I have been deploying containers and creating applications on Kubernetes for the better part of the last couple of years. I should have written a lot more about the journey because there is so much to learn (by doing quite a few mistakes).
I should have learned by now that any of these great new ways of doing things that will simplify the delivery of applications is a journey where you are going to re-learn how to do what you have always been doing. The same “problems” exist in creating an application no matter the framework or language.
The new tool is going to address pain points from the last best framework ever and it will be very attractive to use the new one. The fun is in solving all the other problems that still exist and have not necessarily been addressed as well as the pain points that attracted you to it.
I had to re-learn so much about networking with Kubernetes because your micro-services all need to communicate with each other.
I had to learn a lot about Kafka because it is our messaging queue. Please don’t tell them that is what it is. It is so much more.
I had to learn about service mesh and got to the points of many memes about this one.
We had to learn so much about so many different applications and infrastructure pieces that the promise of delivering faster is not as true as we would have liked. Don’t get me wrong, I love learning but I hate over-promising and finding myself in a bad position.
The journey is far from done and I have an awesome team that is helping me and I hope that I am helping them along the way as well.
May the learning continue…
I have been getting an error every time I try to install a new homebrew package and I found a quick and easy solution to it.
The problem looks like this:
user1$ brew install kubernetes-helm
Warning: git 2.15.1 is already installed
Error: Git must be installed and in your PATH!
Error: The following formula:
cannot be installed as a binary package and must be built from source.
Install the Command Line Tools:
Git is available on my system without issues so I was puzzled about this “invalid” error.
I found that if you set this variable:
It would allow brew to update and then install new packages without an issue.
Very simple workaround.
I was not suppose to go this year because it was the turn for a co-worker but since that person left us for greener pastures I was lucky to be the next in line.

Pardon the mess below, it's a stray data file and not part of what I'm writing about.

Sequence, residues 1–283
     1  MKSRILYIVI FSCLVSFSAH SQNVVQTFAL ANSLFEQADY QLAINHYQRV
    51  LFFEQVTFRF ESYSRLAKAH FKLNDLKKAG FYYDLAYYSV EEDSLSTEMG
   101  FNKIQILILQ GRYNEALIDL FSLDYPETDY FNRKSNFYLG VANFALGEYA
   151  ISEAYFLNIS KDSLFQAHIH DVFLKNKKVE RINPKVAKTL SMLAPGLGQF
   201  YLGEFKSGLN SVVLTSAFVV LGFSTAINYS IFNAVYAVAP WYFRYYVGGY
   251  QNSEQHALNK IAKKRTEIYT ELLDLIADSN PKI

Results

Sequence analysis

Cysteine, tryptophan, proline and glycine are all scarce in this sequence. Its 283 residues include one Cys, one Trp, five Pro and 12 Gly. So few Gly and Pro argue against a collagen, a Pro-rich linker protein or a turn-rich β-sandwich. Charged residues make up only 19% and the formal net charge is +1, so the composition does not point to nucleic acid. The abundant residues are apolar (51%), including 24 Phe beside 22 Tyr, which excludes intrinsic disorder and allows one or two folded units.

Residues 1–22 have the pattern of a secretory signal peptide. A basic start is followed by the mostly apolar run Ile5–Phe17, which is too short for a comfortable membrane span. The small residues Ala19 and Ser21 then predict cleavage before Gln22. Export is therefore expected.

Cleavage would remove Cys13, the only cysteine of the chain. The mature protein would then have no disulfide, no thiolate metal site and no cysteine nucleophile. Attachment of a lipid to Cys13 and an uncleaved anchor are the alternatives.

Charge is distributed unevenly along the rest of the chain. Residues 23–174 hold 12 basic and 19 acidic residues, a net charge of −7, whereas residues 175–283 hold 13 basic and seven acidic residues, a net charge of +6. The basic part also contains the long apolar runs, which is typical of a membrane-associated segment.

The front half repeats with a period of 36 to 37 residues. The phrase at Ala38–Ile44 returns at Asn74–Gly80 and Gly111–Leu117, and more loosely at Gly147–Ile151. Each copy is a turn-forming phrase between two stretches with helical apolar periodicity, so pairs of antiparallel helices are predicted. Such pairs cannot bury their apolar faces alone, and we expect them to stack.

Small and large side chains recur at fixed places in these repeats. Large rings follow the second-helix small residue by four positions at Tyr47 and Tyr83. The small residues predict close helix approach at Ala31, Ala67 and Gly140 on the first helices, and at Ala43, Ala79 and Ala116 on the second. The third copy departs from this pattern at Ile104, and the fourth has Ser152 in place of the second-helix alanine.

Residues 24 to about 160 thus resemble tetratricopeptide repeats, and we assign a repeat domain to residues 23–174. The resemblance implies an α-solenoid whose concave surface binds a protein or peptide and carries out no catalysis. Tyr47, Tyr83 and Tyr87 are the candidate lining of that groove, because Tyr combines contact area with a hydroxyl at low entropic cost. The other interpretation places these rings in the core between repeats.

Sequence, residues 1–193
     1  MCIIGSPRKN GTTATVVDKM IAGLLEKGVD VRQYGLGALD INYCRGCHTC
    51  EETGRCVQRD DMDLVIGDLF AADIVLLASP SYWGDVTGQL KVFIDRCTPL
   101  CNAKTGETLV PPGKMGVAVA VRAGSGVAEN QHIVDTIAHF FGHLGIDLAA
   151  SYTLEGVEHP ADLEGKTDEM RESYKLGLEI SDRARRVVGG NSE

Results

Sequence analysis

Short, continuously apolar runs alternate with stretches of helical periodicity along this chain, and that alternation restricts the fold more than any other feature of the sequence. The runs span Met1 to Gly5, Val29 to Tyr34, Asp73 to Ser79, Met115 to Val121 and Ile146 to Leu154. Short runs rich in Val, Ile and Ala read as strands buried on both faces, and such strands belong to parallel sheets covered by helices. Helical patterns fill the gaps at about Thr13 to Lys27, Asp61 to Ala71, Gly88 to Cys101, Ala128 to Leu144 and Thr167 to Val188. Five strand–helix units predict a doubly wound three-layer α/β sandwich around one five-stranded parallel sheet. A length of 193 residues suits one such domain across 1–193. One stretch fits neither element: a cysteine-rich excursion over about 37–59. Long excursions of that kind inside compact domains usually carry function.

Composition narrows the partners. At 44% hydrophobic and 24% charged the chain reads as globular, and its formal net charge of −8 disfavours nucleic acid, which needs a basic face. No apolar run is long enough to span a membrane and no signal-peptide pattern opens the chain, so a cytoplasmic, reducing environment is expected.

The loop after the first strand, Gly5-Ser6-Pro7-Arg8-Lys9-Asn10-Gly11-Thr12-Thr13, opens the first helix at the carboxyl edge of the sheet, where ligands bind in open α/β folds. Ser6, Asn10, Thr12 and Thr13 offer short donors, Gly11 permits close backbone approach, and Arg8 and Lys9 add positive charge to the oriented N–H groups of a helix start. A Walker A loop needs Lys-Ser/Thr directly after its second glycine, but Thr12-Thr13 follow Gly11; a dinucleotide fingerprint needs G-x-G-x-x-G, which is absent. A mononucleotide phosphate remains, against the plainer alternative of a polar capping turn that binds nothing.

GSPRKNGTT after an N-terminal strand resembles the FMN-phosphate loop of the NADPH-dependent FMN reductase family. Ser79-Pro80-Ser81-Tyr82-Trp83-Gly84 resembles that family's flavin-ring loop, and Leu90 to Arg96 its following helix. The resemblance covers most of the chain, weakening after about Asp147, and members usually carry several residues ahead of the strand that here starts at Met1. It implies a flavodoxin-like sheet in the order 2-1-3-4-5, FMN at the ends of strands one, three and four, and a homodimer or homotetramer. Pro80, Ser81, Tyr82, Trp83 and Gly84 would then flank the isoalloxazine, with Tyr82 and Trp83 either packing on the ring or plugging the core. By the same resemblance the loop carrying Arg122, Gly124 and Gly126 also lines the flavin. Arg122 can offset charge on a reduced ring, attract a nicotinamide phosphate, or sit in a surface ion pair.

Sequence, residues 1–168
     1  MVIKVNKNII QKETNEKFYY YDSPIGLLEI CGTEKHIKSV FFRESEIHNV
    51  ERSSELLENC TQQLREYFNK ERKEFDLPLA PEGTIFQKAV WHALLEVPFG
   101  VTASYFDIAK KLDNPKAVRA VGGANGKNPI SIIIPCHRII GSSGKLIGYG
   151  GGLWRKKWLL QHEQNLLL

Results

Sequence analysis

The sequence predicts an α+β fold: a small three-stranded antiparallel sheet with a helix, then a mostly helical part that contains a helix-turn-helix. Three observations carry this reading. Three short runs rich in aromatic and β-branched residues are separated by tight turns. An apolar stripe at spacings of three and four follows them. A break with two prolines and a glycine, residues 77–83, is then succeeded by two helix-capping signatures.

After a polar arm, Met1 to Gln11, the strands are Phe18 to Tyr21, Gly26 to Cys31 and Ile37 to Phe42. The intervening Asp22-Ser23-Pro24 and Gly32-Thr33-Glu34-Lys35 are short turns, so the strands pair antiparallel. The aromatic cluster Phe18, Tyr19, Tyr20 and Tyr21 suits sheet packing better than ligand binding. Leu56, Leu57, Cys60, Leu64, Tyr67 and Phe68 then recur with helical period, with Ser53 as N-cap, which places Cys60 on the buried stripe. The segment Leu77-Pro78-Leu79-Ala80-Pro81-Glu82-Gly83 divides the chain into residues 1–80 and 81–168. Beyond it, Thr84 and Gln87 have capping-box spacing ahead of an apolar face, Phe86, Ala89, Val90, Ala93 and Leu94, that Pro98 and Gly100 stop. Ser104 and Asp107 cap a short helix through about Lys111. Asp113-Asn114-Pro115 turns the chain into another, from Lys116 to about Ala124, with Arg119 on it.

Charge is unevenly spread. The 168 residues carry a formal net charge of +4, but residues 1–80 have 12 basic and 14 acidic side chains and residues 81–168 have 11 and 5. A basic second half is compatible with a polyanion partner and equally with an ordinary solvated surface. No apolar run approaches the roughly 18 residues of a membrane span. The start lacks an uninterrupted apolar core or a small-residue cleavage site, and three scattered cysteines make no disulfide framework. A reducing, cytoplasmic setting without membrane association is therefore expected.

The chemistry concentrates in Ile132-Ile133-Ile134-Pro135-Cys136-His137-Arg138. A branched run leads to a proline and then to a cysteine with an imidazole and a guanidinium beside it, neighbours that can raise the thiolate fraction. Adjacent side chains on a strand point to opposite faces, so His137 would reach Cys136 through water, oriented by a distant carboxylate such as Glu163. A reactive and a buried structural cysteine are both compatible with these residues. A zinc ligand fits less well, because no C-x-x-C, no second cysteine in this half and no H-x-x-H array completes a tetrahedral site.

I was quite happy to be going.
I did not really remember why I wanted to be there until I was there for a few hours. Yes I wanted to go to many of the technical sessions and my agenda was made before the event started. I am always impressed that the presenters are the people doing the code or in charge of the technical team responsible for what is being presented. The presenter can answer many of the questions and if they can’t most of the time the rest of their team are in the audience. The quality of these presentations are great because of this involvement.
But as much as the technical sessions are great it was Jeremy from trendhunter.com that reminded me why I loved the Summit so much. It is about the culture.
The culture at the Summit and at Red Hat is very different than what I see where I work. The collaboration with everyone is the norm in the open source communities and Red Hat certainly makes it a point to always act in collaboration.
That different mentality is good shock and certainly allowed me to see others thinking differently but also to wake me up. When you are challenged in how you execute your job you can better evaluate the reasons you do it that way. You can also see what you can change.
In my case it is a little more than that. I am uncomfortable in how we approach our execution of what we need to do. I am a lot more interested in the collaboration model that I have seen during the Summit. In that regard I think that I need to challenge a lot more than just myself. Is it just the greener pasture syndrome, I don’t know. I think that I will have to wait a month and re-evaluate what I have seen and how I feel about it.
I think that the most important sentence from this Summit will be “culture over strategy”.